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[uh-nent] /əˈnɛnt/
in regard to; about; concerning.
British. beside; in line with.
Origin of anent
before 900; Middle English variant (with excrescent -t; see ancient1) of anen, Old English on emn, on efen on even1 (ground), with, beside Unabridged
Based on the Random House Dictionary, © Random House, Inc. 2015.
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Examples from the Web for anent
Historical Examples
  • anent the Irish bull, we may quote an Irishman's answer when asked to define a bull.

  • Gleason once discovered, anent the club-room, that she had a temper.

    Marion's Faith. Charles King
  • Soon, something I had said anent his last poem set his thoughts loose.

  • Nae doot, its anent the law-plea he has been brought into, on account of his property.

    The Entail John Galt
  • I would hae some scruples mysel' anent buying and selling men and women o' any colour.

    The Bow of Orange Ribbon Amelia E. Barr
  • anent the stirring of curds, use the hands as little as possible.

    Hints on Dairying T. D. Curtis
  • What were you saying, Jamie, anent an outcast wi your uncle?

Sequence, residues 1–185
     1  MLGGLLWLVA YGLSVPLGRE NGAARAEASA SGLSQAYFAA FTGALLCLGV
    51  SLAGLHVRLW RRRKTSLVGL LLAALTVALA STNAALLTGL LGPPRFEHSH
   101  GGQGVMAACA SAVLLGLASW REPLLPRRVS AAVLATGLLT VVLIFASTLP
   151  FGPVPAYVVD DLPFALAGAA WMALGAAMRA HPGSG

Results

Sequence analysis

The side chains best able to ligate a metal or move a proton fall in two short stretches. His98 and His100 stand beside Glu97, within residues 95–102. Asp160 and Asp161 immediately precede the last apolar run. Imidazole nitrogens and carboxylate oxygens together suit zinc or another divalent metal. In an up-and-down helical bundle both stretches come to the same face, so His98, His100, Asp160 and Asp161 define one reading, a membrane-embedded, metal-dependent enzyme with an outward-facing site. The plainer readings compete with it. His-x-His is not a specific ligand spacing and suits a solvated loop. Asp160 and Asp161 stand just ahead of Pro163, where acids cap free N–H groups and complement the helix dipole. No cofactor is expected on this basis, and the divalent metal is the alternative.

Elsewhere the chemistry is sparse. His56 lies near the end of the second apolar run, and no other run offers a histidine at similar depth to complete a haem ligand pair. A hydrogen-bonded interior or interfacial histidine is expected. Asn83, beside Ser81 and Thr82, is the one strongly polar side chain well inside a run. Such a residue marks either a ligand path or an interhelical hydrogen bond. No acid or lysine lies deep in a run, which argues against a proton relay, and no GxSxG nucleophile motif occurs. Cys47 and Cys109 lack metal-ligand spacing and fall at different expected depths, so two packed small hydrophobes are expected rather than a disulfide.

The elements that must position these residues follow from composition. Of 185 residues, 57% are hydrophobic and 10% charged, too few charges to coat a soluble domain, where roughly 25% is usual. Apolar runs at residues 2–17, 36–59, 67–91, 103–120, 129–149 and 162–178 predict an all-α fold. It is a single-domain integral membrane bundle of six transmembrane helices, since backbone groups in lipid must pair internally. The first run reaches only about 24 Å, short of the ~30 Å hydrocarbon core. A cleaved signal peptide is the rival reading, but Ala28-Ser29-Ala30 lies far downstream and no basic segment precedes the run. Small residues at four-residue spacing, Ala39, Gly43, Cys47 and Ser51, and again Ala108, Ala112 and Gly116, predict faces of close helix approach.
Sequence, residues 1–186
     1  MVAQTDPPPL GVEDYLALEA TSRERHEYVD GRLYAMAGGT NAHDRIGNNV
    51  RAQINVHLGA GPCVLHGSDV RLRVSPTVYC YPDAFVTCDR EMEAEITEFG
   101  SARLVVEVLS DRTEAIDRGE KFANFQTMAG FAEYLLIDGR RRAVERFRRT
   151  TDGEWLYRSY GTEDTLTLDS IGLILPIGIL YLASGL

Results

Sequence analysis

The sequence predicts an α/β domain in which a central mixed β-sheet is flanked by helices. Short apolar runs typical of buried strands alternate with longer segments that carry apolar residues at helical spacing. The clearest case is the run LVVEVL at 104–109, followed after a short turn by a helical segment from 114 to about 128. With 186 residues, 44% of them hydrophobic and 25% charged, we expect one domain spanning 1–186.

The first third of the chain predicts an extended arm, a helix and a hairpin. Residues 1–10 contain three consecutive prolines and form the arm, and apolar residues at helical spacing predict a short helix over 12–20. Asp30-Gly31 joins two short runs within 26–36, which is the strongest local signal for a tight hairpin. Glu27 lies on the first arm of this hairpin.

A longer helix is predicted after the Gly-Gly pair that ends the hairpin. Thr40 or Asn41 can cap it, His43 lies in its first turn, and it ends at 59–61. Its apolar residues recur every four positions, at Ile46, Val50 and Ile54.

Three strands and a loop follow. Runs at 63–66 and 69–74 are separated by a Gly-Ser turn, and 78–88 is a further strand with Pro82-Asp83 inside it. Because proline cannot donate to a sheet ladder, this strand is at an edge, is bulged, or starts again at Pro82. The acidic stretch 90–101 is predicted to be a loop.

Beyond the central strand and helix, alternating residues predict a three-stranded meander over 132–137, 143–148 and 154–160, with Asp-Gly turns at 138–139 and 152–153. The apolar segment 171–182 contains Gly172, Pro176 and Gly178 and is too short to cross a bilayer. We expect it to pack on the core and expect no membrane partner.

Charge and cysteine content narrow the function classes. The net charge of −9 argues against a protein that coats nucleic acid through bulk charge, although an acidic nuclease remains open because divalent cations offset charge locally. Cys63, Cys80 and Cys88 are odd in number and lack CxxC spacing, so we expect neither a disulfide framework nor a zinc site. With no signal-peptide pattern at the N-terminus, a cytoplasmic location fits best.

The Entail John Galt
  • I will be down at seven, and meanwhile you may speak to Christina anent her duty.

    A Reconstructed Marriage Amelia Edith Huddleston Barr
  • “I think naught will be said anent the subject,” he replied.

    Peggy Owen and Liberty Lucy Foster Madison
  • Peggy, he helped you anent Cousin David then; will you help me about my father?

    Peggy Owen Patriot Lucy Foster Madison
British Dictionary definitions for anent


preposition (Scot)
lying against; alongside
concerning; about
Word Origin
Old English on efen, literally: on even (ground)
Collins English Dictionary - Complete & Unabridged 2012 Digital Edition
© William Collins Sons & Co. Ltd. 1979, 1986 © HarperCollins
Publishers 1998, 2000, 2003, 2005, 2006, 2007, 2009, 2012
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Word Origin and History for anent

"concerning, about," early 13c., onont "on level with," also "in the company of, fronting against," from Old English on efn "near to, close by," originally "on even (ground) with;" the parasitic -t added 12c. A northern form (in Midlands, anenst, with adverbial genitive), affected by English writers in Scottish sense of "in respect or reference to." Cf. German neben "near to, by the side of," short for in eben, from Old High German ebani "equality."

Online Etymology Dictionary, © 2010 Douglas Harper
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